cover image A Glossary of Chickens

A Glossary of Chickens

Gary J. Whitehead. Princeton Univ, $29.92 (72p) ISBN 978-0-691-15745-0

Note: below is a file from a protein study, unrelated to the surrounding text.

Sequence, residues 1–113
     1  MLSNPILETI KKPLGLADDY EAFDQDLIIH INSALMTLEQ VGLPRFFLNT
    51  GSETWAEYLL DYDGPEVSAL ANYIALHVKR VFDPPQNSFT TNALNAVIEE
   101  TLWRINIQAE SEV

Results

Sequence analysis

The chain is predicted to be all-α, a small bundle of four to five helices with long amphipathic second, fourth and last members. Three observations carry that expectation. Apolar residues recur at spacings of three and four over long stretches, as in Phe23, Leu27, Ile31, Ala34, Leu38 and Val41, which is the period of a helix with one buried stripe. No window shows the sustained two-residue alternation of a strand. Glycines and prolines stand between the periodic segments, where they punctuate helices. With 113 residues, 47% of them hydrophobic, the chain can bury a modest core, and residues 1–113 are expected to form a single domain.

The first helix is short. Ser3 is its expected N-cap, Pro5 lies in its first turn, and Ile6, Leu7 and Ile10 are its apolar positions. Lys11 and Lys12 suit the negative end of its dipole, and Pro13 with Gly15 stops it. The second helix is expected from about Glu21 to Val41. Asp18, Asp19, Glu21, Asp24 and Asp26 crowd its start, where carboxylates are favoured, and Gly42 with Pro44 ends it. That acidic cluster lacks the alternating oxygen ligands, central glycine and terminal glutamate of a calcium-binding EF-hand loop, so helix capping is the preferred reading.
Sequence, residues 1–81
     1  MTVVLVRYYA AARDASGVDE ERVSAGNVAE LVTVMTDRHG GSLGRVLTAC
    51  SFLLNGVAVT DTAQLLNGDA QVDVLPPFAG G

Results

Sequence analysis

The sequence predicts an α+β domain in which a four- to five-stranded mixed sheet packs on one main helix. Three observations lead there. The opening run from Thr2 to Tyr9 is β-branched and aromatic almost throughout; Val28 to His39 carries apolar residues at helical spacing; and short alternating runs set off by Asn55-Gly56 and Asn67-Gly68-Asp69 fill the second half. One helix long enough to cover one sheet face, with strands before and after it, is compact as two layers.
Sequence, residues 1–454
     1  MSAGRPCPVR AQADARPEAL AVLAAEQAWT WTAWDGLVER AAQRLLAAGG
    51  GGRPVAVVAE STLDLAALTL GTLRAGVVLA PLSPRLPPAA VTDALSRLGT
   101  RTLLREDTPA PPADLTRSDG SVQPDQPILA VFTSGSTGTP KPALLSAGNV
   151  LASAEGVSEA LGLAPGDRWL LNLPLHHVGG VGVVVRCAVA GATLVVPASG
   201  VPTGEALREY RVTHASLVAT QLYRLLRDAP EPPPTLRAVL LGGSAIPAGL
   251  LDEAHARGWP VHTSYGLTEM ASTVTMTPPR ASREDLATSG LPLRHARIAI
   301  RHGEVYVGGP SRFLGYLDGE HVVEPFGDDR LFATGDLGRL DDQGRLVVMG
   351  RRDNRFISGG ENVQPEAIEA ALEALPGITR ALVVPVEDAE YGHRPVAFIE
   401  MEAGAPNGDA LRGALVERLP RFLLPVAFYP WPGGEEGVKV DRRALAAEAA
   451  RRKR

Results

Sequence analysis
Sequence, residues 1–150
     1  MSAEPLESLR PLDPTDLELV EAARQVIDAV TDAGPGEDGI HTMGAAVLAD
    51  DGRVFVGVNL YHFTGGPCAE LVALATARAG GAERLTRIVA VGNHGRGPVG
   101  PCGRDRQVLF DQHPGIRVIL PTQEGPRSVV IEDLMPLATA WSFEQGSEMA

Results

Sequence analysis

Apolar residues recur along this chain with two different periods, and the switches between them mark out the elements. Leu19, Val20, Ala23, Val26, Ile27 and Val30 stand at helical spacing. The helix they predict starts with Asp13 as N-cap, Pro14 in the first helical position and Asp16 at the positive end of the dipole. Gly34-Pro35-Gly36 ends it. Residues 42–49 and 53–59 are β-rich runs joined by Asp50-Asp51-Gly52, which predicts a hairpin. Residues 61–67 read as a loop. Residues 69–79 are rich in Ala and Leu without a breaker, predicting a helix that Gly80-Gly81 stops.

Quietly witty, observant, and frequently sad, this third outing from Whitehead (The Velocity of Dust) sets itself apart through understatement, and through the connections it keeps making between contemporary midlife dilemmas and the 19th-century American literature—especially Herman Melville’s life and letters—that Whitehead (a New Jersey high school teacher) knows well. A poem called “Homeschooled” asks, “Aren’t we all, really, in the end?” It’s a book of scenes and memories from which the poet himself must remember to learn: a flashback to teenage shame concludes with “the future, like the lost pair of sneakers/ we found in the spring, and growing between/ their double-knotted laces a sapling.” Childlessness—and, apparently, divorce—flutter through Whitehead’s lines like the sad and comical chickens in the title poem, and in the heartbroken “The Coop.” The more contemporary poems, funny or otherwise, sustain a personal gravity that those set in the 19th century lack, and yet it all holds together as the record of a sensitive, careful, unfashionable, acoustically gifted soul, who like Whitehead’s “One-Legged Pigeon,” “needed no pity,/ but just a crumb,/ something to hop toward.” (Apr.)